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Pension Index 2014 Ranks Singapore

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Singapore’s retirement system continues to rank #1 amongst Asian countries but adequacy remains the primary shortcoming.

Singapore continues to score a grade of ‘B’ on the Mercer Melbourne Global Pension Index for 2014, which described Singapore’s system as a sound structure, with many good features, but has some areas for improvement that differentiates it from an A-grade system. Adequacy however, remains the main shortcoming of the Singapore system.

The MMGPI measured 25 retirement income systems against more than 50 indicators under the sub-indices of adequacy, sustainability and integrity. Singapore ranked #1 amongst Asian countries and has clearly built a robust social security system in the Central Provident Fund (CPF), which is the primary retirement vehicle for most Singaporeans. “The lack of tax-approved group corporate retirement plans and retirement savings for non-residents continues to isolate Singapore from other high graded countries on the global scale.” Mr. Narale explains.

Denmark continued to hold onto the top position in 2014 with an overall score of 82.4.  Denmark’s well-funded pension system with its good coverage, high level of assets and contributions, the provision of adequate benefits and a private pension system with developed regulations are the primary reasons for its top spot.

The MMGPI found again there is no perfect system that can be applied universally around the world, but there are many common features that can be shared for better outcomes for individuals.  The MMGPI now covers 25 countries and close to 60% of the world’s population.  It has grown from 11 countries in 2009 and is the most comprehensive comparison of pension systems globally.

Professor Deborah Ralston, Executive Director of the ACFS said the expansion of the Index reflects the fact most countries are grappling with the social and economic effects of ageing populations and global comparisons can lead to global lessons for government, industry and academia as they debate how best to provide for an ageing population. “Although each country’s retirement income system reflects a unique history, there are some common themes as many countries face similar problems in the decades ahead and the Index aims to highlight the best solutions and share them globally,” said Professor Ralston. “It’s pleasing to note average scores are increasing over time, suggesting pension reform around the world is having a positive effect.  The average score for the 14 countries in 2010 was 61.7 compared to 64.3 for the same countries in 2014,” she added.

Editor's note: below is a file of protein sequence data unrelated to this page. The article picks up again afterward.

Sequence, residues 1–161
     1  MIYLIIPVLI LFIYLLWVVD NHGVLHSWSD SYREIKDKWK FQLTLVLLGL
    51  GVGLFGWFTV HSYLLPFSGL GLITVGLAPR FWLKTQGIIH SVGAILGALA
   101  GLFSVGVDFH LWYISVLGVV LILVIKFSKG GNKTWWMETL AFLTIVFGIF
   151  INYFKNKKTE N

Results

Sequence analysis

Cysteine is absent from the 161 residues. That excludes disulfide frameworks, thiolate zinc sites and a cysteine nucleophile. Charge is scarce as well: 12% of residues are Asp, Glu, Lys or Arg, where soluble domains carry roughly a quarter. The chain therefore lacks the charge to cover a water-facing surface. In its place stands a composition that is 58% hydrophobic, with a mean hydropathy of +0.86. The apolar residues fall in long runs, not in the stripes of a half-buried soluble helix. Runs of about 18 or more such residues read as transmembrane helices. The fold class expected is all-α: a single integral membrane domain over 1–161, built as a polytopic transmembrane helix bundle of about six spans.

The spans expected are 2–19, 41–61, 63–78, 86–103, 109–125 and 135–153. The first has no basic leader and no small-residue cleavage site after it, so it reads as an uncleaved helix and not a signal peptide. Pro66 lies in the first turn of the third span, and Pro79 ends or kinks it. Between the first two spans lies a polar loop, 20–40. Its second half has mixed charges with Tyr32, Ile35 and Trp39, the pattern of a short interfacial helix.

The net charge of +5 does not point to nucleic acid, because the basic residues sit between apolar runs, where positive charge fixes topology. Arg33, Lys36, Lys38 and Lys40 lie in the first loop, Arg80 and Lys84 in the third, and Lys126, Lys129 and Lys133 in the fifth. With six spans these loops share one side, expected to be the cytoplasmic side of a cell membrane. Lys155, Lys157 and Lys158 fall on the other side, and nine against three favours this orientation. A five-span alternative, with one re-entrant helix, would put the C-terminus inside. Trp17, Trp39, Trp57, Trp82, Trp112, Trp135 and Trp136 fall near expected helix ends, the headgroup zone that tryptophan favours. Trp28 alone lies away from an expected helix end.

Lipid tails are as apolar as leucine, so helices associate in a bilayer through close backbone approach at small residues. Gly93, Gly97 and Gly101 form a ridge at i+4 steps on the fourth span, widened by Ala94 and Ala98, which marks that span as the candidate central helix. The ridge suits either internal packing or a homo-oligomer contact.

Good Governance Critical For Success In Changing World

Beyond the Index rankings, the 2014 MMGPI looked at the importance of trust and transparency in a retirement income system.

“The tides of accountability for ensuring financial security in retirement are shifting from State and employer responsibility to individuals in many countries.  This trend will continue as life expectancy continues to increase and many governments reduce the per capita expenditure on their aged population.  This shift means communication to members has never been more important or come under more scrutiny from members, regulators, employers, consumer groups, politicians and the media,” said Mr. Narale

“Ensuring transparency and the trust of individuals is becoming increasingly important. If you lose community trust in a pension system; you risk losing the effectiveness of the system. “Governments, regulators and financial industries have to ensure good governance frameworks and practices that promote regular easy to understand communication, clear benefit projections, and access to comparative information in a cost-efficient manner. “The pension industry must develop efficient methods to be transparent in meaningful and relevant ways to all stakeholders.  There is now no alternative,” he said.

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